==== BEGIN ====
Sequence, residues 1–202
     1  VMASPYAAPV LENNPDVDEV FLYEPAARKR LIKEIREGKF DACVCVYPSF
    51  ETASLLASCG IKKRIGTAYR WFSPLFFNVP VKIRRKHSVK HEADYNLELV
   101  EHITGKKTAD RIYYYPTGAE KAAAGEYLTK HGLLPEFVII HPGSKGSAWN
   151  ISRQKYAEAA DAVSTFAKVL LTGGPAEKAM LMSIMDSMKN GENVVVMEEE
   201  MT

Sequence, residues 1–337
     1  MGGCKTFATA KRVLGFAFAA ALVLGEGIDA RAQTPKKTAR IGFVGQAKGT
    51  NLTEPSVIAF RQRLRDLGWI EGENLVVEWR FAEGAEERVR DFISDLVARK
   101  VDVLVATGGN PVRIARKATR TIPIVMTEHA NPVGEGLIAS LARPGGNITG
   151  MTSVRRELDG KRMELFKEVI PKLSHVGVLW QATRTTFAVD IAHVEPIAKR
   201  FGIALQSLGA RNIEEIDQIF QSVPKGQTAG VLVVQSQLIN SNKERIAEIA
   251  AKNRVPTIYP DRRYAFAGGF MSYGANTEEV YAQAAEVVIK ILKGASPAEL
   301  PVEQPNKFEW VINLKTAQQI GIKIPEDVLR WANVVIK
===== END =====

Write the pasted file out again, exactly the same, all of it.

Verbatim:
Sequence, residues 1–202
     1  VMASPYAAPV LENNPDVDEV FLYEPAARKR LIKEIREGKF DACVCVYPSF
    51  ETASLLASCG IKKRIGTAYR WFSPLFFNVP VKIRRKHSVK HEADYNLELV
   101  EHITGKKTAD RIYYYPTGAE KAAAGEYLTK HGLLPEFVII HPGSKGSAWN
   151  ISRQKYAEAA DAVSTFAKVL LTGGPAEKAM LMSIMDSMKN GENVVVMEEE
   201  MT

Sequence, residues 1–337
     1  MGGCKTFATA KRVLGFAFAA ALVLGEGIDA RAQTPKKTAR IGFVGQAKGT
    51  NLTEPSVIAF RQRLRDLGWI EGENLVVEWR FAEGAEERVR DFISDLVARK
   101  VDVLVATGGN PVRIARKATR TIPIVMTEHA NPVGEGLIAS LARPGGNITG
   151  MTSVRRELDG KRMELFKEVI PKLSHVGVLW QATRTTFAVD IAHVEPIAKR
   201  FGIALQSLGA RNIEEIDQIF QSVPKGQTAG VLVVQSQLIN SNKERIAEIA
   251  AKNRVPTIYP DRRYAFAGGF MSYGANTEEV YAQAAEVVIK ILKGASPAEL
   301  PVEQPNKFEW VINLKTAQQI GIKIPEDVLR WANVVIK